Physicians’ View of Meaningful Quality Metrics

August 4, 2016

How do physicians view meaningful quality metrics, as defined by CMS? Not favorably, according to one survey.

As the push to pay for healthcare quality, not quantity accelerates, CMS has released core quality measurement sets aimed in part at reducing the variability and burden of data collection on doctors and facilities.  The result of a collaborative effort between the government, commercial payers, physician associations and patients, these core measurements were designed to be meaningful to patients, consumers and physicians.

A recent Cejka Search Healthcare Perspectives survey of 1,621 practicing physicians and administrators provides insight on what physicians want to see in order to fully support these quality metrics. The survey found that while there was wide support among physicians for a quality versus quantity payer system, they ranked priorities such as patient communication, clinical team collaboration and being viewed as a partner in a patient’s long-term wellness, higher than achieving quality metrics set by their facility.

The reason, many cited, was the need for more meaningful definition and measurements of quality. For example, one physician stated, “Most are still quantity-based metrics disguised as value,” creating the sense that doctors were being asked to spend a significant amount of time collecting data they view as less meaningful.

Importance of Measuring Outcomes

According to Morris Seligman, physician and executive vice president and chief medical officer of Mountain States Health Alliance, one of the problems is that the CMS has historically measured the “process of care” in terms of the volume of patients who received a certain test or procedure. “While monitoring the process on aggregate is important, in the context of the physician-patient relationship what matters most is the outcome,” he says.

Dr. Seligman gave the example of measuring outcomes for diabetics, such as, “how many avoid life-limiting and costly complications, including amputation, dialysis and blindness; instead of limiting quality metrics to the number of foot exams, eye exams, or renal insufficiency tests prescribed.”

Evaluating Claim Data within the Context of Total Care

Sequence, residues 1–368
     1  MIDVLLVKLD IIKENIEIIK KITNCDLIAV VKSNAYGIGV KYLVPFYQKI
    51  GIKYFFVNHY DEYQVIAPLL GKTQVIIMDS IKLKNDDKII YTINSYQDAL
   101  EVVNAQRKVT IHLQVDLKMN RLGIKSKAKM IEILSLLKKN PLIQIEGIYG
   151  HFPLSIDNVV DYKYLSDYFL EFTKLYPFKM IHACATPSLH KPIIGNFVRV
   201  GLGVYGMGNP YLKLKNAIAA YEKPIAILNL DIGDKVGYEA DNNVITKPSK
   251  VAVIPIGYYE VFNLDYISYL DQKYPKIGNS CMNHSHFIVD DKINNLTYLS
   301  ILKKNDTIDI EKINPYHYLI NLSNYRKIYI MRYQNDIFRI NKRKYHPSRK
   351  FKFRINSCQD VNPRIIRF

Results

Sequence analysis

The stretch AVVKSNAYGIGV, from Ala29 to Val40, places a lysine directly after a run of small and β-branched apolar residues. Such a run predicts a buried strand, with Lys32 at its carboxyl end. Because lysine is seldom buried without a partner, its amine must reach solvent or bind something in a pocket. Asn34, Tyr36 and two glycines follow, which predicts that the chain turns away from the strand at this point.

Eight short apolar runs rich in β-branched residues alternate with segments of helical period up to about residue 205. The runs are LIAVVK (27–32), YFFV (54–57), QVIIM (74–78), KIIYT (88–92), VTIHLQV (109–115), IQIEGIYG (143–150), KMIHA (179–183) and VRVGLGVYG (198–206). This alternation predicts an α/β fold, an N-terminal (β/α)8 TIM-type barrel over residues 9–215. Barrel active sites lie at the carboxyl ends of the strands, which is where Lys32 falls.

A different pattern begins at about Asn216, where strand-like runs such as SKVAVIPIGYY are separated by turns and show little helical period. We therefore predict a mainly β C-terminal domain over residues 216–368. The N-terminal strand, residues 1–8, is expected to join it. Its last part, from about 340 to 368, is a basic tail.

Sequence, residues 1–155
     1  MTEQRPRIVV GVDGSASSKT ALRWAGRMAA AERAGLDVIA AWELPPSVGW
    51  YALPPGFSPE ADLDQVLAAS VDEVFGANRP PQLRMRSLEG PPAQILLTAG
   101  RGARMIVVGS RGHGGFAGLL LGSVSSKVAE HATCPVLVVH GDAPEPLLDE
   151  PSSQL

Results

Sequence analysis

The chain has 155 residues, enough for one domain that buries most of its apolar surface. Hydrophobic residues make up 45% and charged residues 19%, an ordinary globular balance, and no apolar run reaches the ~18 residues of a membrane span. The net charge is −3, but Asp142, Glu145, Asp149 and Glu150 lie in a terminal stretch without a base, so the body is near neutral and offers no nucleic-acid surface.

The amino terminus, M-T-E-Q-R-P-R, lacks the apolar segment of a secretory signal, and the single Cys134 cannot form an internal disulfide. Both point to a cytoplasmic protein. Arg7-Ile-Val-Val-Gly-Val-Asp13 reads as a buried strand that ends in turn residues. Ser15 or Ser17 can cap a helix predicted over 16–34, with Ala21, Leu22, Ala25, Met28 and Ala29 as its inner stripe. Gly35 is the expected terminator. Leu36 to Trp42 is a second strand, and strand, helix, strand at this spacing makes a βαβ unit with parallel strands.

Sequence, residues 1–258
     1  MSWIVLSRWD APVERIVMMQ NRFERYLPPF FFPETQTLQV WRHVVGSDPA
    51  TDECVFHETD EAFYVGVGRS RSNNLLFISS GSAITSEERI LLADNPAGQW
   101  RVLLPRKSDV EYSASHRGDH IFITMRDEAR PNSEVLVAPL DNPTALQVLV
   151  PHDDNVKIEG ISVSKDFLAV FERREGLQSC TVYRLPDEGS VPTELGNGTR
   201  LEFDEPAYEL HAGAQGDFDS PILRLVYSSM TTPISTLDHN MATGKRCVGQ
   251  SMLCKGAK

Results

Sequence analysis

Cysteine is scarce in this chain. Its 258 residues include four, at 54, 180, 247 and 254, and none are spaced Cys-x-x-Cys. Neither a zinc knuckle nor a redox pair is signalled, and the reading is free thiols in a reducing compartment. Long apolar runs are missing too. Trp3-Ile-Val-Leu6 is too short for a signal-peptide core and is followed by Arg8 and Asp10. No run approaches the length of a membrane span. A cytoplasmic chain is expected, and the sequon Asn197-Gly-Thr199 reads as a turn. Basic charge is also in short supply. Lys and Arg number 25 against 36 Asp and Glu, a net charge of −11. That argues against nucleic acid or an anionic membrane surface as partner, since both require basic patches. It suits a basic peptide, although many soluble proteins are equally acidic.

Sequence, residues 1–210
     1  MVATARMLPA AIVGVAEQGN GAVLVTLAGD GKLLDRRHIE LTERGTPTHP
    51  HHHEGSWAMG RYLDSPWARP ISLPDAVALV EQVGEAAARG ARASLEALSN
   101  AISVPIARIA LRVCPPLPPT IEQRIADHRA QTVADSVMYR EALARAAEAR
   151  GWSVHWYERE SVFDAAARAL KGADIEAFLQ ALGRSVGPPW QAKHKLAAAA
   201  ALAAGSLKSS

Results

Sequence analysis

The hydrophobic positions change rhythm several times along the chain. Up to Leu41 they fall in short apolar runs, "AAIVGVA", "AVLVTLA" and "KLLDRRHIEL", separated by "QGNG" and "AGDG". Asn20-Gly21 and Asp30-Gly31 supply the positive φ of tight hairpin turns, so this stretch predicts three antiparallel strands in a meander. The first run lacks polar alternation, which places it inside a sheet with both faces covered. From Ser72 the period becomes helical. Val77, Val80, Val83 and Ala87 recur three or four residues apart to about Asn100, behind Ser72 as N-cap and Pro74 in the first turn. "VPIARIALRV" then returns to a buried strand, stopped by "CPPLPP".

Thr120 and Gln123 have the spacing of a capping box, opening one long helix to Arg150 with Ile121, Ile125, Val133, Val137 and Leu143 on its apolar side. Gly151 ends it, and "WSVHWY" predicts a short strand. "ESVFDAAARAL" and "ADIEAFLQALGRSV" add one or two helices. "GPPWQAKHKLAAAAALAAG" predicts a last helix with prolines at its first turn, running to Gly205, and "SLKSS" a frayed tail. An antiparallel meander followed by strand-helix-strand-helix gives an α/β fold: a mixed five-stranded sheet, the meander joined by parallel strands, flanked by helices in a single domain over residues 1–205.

Thomas Diller, physician and vice president and system chief medical officer at Christus Health, gave an example from his days as a vice president of quality and safety at a physician-led health system. The group did such a good job of managing its Congestive Heart Failure (CHF) patients that it only admitted its sickest, often terminal patients to the hospital. As a result, in 2011 the group was penalized by the CMS for mortality rates despite being ranked the second best in the nation for CHF readmission rates and delivering exceptional care. “This is an example of how claim-based metrics can actually detract from quality care,” said Dr. Diller.

How to Gain Physician Buy-In on Goals and Measurements

Survey respondents explained that the best way to gain physician support is to engage them as partners in solving healthcare delivery problems, giving them a voice in the discussion and an opportunity to understand the science behind an initiative.

Specific to the adoption of meaningful quality metrics, physicians described the importance of:

1. Involving physicians in the process of defining and selecting quality metrics.

2. Selecting metrics on the basis of medical evidence that proves a positive correlation with quality outcomes.

3. Holding physicians accountable for quality measures that are reasonably within their control.

4. Streamlining the collection of data so as not to detract from the quality of the patient experience.

Based on the above physician criteria, the Core Quality Measure Collaborative, comprised of multiple stakeholders including physicians and patients, is a step in the right direction, and the objective of promoting alignment of meaningful data usage and collection across government and commercial payer systems is a useful goal.

John Gramer is president of Cejka Search, a nationally recognized physician search and healthcare executive search firm specializing in healthcare for more than 30 years.